Calls for “extricating the internet from US control” are effectively facades for authoritarian states to further abridge the liberties of the world’s citizens. That is why they must be resisted. Indians are much better off putting their faith in their freedom-loving American counterparts than participating in grandiose international internet governance schemes.

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How the government will keep its entitlement commitments

You won’t like any of them

No one really knows how much the Food Security Bill (or Act, if it becomes law) will cost the exchequer. Given the way the legislation is framed, it is impossible to make an accurate assessment of its costs. That doesn’t mean we are short of proponents who argue that it should be (or, worse, normatively must be) affordable. We also have a few opponents who argue that it’s more expensive that what the proponents suggest. We’re talking about numbers whose order of magnitude is in the range of single-digit percentages of GDP.

The scheme is open-ended: there’s no expiry date, no sunset clause. It covers around two-thirds of the population—even those who are not really needy. This means that the outlays will have to increase as the population grows.

Obviously, finding the money to keep this scheme going year after year will be a big problem. There’s worse news though—this programme is over and above other open-ended spending commitments like the NREGA, fuel and fertiliser subsidies which are in the vicinity of 2%-3% of GDP. These are the explicit subsidies. We will not even attempt to calculate the implicit subsidies and opportunity costs in this post.

Many of these schemes work such that the subsidy load will increase when growth slows down. In other words, at such times, subsidies as a fraction of GDP will increase—tightening the government’s budget constraints and reducing its fiscal space.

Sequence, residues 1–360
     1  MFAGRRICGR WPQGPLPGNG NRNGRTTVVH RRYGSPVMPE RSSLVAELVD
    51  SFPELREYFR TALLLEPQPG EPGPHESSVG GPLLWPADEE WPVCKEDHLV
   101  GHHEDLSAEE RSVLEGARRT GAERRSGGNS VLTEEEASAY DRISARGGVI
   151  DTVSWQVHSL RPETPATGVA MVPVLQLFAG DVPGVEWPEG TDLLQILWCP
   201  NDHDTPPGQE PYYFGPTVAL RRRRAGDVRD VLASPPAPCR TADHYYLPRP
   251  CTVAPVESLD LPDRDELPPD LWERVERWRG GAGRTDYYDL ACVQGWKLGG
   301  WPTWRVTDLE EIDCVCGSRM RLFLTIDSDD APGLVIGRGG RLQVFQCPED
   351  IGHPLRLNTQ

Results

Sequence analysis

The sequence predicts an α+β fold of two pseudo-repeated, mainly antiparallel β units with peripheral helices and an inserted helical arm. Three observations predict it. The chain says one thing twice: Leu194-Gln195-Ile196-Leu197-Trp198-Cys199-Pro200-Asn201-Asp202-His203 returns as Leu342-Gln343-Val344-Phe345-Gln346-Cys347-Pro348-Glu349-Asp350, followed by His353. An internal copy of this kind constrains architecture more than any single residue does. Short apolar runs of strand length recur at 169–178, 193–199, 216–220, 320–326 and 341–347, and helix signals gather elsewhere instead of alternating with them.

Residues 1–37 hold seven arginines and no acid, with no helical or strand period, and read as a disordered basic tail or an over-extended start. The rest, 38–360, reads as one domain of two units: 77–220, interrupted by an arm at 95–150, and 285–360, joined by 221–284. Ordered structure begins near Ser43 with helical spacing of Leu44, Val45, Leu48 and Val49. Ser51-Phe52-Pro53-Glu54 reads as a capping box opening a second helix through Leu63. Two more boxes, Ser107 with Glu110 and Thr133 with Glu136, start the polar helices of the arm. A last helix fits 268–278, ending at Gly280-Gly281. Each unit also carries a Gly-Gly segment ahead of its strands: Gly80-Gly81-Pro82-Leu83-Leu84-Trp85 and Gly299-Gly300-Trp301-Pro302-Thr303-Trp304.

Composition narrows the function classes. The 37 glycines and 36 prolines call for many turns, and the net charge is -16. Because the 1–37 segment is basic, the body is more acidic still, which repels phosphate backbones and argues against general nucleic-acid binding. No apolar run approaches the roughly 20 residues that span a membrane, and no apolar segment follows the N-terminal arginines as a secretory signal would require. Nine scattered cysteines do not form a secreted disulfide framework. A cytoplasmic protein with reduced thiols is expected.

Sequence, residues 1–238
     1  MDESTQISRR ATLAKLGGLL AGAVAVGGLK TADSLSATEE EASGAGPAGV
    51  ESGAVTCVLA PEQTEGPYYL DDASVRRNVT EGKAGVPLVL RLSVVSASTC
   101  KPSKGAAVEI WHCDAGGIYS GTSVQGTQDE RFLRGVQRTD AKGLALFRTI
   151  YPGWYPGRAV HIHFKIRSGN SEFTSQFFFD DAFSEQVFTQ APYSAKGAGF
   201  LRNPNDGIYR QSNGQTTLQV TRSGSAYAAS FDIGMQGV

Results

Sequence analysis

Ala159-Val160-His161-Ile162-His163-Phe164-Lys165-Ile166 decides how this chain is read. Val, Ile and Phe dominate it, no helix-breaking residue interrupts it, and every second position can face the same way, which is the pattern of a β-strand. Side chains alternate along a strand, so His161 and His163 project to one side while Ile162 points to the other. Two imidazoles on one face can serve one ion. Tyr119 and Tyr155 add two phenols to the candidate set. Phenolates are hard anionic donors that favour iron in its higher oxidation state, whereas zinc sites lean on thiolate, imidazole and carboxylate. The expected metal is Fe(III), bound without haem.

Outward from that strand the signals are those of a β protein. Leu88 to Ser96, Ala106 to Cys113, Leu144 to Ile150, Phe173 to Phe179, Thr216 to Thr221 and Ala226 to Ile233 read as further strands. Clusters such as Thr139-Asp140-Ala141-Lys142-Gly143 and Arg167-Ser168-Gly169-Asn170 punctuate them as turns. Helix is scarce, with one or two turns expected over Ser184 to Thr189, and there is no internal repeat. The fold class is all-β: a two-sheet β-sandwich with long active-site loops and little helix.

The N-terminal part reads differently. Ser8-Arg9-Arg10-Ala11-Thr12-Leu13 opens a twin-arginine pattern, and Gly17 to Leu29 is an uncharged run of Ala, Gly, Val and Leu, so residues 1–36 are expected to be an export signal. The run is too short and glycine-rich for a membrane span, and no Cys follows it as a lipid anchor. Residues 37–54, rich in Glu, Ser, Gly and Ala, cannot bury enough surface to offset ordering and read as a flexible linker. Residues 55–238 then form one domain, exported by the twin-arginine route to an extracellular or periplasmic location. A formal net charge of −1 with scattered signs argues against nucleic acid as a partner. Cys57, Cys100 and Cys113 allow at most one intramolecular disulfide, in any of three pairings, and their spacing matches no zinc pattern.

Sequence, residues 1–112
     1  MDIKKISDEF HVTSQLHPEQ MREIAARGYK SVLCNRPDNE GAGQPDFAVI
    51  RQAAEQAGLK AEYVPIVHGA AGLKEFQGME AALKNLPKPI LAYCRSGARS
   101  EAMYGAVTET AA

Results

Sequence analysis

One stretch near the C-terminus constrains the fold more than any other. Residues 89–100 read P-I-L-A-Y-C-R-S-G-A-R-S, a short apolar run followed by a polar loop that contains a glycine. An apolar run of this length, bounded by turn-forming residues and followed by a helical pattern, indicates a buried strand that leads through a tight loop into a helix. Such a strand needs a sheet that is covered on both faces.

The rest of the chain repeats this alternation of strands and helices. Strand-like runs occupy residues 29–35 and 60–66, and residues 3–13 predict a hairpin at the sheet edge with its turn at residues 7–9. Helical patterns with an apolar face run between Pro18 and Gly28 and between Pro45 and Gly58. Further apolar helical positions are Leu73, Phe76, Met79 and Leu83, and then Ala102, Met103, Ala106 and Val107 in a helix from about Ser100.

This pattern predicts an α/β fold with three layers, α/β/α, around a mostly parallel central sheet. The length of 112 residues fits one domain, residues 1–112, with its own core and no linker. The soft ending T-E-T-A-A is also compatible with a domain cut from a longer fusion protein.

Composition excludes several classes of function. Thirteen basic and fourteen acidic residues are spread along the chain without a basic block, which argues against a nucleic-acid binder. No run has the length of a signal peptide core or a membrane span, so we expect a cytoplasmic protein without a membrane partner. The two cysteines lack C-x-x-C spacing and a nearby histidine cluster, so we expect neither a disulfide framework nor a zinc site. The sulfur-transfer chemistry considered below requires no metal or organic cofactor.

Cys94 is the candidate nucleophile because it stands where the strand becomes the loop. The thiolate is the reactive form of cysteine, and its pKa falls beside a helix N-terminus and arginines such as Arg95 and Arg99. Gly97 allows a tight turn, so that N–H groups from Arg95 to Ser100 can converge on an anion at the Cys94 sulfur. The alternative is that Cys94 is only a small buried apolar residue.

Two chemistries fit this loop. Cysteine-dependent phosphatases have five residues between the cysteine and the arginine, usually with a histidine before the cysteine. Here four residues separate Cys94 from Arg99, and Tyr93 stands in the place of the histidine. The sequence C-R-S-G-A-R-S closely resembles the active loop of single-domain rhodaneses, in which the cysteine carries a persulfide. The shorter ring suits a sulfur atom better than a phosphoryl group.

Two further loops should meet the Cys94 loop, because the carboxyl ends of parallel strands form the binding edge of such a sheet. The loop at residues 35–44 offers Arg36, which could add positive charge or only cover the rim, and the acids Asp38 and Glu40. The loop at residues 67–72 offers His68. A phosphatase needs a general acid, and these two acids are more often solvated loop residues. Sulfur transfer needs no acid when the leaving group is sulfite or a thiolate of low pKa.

The nature of these schemes is such that governments will be scared to cut them during times of distress, forget ending them altogether. So how will the Indian government finance the gargantuan entitlement economy and what might be the consequences?

First, through new and higher taxes. This has already happened. Didn’t you notice the ‘education cess’? Didn’t you notice the higher marginal taxes on high income earners? Expect more of the ‘Good Cause Cesses/Surcharges’, a fiscal sleight of hand to raise new taxes by citing a plausible good cause. (See this post on education cess for more). As the economic and fiscal situation gets worse, expect higher tax rates lower down the income pyramid. Corporate profits are also an easy target—so they too will be taxed in increasingly creative and extortionary ways.

The consequence of higher taxes are lower investments and higher tax evasion. Lower investment means lower growth. Higher taxes when you are already in a low growth phase is a recipe to stay in the low growth phase longer than otherwise.

The second way for the government to raise resources is through borrowing. It can borrow money abroad (and incur foreign debt) and borrow money from the domestic market. The former puts the Indian government at the mercy of its foreign lenders to the extent of its borrowings. If you do not recall the days of the 1960s-80s, when India was mired in foreign debt, ask someone who does.